Mrs Cunningham: This is a comment and also a recommendation that I'd at least like to see, a recommendation on the numbers of exceptional pupils and give some direction in the report there. I think there needs to be a recommendation around the issue of the exceptionalities, but also -- it may be later in the report, and I apologize, but I'm almost halfway through and I haven't seen it yet.

Under the funding, I feel strongly that there are some programs we're doing in education that are extremely costly that could be better done with the cooperation of another ministry or even under the auspices of another ministry. This would mean that the local taxpayers -- the property tax base, being a question for all of us on the costs of education, could be reduced and that the government, whichever ministry, would be able to serve more young people if they were to operate the program somewhere else.

My example is what my colleague Mr Marchese and myself and maybe someone else is going to be speaking to on Mr Arnott's motion today. The whole issue of junior kindergarten, where we're looking at early childhood education, is something that could be done in a more efficient way, cost-wise, than the way we're doing it and certainly in a more successful way if you're looking at really intervening with children and families that need our help.

I say that because I don't think we can solve the problems with children alone. School boards at this point in time don't have the jurisdiction to move into the home to work with families. Teachers are not trained to do that nor do they feel, under the Education Act, that it is their responsibility. I think that in these days more than ever, although this has been stated for probably a decade or more, we should be looking at the Ministry of Community and Social Services' cooperation.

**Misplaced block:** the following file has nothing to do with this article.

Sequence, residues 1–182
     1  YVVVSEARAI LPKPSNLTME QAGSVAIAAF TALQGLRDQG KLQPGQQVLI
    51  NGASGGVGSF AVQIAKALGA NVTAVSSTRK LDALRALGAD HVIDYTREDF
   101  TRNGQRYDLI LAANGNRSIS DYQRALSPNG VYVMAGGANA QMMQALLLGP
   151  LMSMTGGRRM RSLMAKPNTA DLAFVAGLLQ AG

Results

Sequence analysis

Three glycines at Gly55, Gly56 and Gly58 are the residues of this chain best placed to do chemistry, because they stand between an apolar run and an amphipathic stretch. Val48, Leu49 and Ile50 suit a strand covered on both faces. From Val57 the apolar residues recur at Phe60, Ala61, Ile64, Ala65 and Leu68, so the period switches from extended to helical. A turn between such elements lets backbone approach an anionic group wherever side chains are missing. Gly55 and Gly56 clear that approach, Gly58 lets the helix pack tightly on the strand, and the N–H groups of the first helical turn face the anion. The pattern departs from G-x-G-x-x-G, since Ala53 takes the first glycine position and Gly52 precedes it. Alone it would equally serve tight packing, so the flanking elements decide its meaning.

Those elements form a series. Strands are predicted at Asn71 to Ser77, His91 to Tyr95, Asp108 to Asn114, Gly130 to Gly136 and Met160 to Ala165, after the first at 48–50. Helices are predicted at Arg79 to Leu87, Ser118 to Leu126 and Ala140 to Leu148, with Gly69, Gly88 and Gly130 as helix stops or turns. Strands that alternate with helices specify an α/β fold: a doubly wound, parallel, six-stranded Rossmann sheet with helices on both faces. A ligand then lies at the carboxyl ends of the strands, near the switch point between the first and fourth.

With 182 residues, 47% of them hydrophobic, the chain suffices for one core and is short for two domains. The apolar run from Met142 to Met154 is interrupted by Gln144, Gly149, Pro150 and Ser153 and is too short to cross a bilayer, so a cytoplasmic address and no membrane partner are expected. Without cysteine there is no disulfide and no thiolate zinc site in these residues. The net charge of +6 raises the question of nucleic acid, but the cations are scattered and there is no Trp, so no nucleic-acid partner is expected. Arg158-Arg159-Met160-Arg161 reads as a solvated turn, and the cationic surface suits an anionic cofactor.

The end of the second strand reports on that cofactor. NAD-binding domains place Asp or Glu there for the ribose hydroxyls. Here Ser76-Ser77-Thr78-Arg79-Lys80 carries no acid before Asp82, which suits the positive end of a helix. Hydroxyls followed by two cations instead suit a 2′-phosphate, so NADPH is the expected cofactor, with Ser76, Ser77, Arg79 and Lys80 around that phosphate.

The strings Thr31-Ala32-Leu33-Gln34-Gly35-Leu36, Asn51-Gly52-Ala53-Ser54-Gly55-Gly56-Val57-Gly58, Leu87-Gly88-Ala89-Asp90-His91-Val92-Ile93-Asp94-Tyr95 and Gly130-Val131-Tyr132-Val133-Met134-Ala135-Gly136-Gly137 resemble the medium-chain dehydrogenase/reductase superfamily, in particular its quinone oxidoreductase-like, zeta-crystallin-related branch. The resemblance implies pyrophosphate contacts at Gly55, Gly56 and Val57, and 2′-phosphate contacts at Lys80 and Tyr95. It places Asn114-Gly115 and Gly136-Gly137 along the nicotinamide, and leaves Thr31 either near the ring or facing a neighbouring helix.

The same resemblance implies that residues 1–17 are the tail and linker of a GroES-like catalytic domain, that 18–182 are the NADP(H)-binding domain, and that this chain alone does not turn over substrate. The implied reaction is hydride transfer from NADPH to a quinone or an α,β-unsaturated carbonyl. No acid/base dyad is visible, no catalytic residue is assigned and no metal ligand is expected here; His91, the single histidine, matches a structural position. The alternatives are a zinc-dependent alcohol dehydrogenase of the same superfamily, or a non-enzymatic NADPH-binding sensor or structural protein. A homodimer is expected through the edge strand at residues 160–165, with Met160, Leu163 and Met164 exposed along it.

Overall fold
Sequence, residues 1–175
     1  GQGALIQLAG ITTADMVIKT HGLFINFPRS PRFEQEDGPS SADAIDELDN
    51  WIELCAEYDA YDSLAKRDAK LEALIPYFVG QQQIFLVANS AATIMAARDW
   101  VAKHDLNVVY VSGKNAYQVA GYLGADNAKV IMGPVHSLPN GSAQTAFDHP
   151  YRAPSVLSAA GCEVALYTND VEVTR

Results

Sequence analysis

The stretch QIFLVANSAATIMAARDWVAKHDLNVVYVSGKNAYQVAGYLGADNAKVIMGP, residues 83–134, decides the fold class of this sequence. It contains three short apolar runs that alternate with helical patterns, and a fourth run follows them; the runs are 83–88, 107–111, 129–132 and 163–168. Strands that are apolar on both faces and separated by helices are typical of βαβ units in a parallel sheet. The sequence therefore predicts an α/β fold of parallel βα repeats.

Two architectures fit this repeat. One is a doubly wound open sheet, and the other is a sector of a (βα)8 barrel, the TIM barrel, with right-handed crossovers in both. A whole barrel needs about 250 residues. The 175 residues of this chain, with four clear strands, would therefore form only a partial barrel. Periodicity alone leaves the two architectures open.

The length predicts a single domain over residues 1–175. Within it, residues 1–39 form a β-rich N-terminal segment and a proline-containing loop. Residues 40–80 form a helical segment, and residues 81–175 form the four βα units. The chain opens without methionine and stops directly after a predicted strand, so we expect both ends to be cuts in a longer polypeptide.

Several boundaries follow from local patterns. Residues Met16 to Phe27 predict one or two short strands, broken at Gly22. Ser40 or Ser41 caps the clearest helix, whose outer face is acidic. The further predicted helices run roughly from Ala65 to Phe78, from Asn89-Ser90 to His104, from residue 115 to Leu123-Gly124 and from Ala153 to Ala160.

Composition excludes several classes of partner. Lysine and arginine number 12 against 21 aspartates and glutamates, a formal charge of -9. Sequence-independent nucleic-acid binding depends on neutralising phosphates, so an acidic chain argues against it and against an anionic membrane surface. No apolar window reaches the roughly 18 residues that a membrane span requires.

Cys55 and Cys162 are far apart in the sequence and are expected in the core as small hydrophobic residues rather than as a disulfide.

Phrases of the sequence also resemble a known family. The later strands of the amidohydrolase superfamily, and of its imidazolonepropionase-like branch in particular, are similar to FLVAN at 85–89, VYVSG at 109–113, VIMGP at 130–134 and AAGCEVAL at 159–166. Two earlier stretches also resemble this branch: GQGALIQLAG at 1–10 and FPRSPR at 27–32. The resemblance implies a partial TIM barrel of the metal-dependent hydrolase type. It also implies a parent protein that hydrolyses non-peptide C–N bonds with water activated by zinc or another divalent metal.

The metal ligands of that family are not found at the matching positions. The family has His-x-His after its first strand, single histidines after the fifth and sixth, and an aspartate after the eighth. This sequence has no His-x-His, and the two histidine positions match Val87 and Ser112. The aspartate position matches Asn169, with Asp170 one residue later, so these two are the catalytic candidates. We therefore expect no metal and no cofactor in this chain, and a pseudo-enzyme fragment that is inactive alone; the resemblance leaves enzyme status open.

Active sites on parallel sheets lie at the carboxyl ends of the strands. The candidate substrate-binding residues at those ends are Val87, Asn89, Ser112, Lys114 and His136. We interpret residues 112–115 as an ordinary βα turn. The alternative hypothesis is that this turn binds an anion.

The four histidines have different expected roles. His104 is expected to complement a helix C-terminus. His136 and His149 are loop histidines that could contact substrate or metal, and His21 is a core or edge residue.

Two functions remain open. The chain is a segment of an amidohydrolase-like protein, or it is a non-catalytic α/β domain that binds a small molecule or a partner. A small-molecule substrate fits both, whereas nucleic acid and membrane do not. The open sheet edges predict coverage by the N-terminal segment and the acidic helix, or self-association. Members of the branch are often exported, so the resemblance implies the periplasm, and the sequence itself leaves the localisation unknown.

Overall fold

That's why, as we watch the implementation of the junior kindergarten program, where we're actually watching more and more students go to school every second day, all day, as opposed to the two or three hours, they're capable of gaining some support or education, whatever, confidence in putting their trust in other adults, which is part of the objectives of getting young children out of their home and into this kind of an environment with their peers. Especially in the special education part, I feel we could be doing it in a much better way.

I don't know how we make that statement, but I certainly think a recommendation, not on a junior kindergarten program alone but even on some of the corrections programs that Mr Callahan talked about where other ministries can be involved -- it won't be new, but I think from a financial point of view, which is what this is all about, it has to seriously be considered. Under what jurisdiction can we best help special education students, with our focus certainly on the early years, and unfortunately where we haven't been able to have success in early intervention, with programs to deal with truants and young people who have behaviour problems and others, special needs students in the later years?

I think we could probably come up with a list, or some of us could put a list together, and say, "These are the areas that we feel need careful consideration." It's just a recommendation I think we should be making at the appropriate time during these discussions.

The Vice-Chair: Mrs Cunningham, we have Mr Crozier and Mr Johnson on the list. Perhaps while they're speaking you can take a look at the bottom of page 27, and going on to --

Mrs Cunningham: I think the auditor did remark on this earlier today.

The Vice-Chair: -- a recommendation, item number 11 on page 28, which does address the point. You may want to comment a bit later on whether you'd like that beefed up or improved.

Mrs Cunningham: Madam Chairman, the reason I raised it now is it is under the funding part and I thought we could even maybe refer to that in the text of the report, that there are recommendations that will deal with improvements here, or something like that. Efficiency, I'm talking about.


The Vice-Chair: Anne has a comment.

Ms Anderson: I just wanted to explain that in the first two or three pages I was just trying to set out the scene of what the special education situation was, and then the later part goes into it in more depth and comes in with the recommendations. We can make some reference to that in that overview, if you wish, and then expand it later.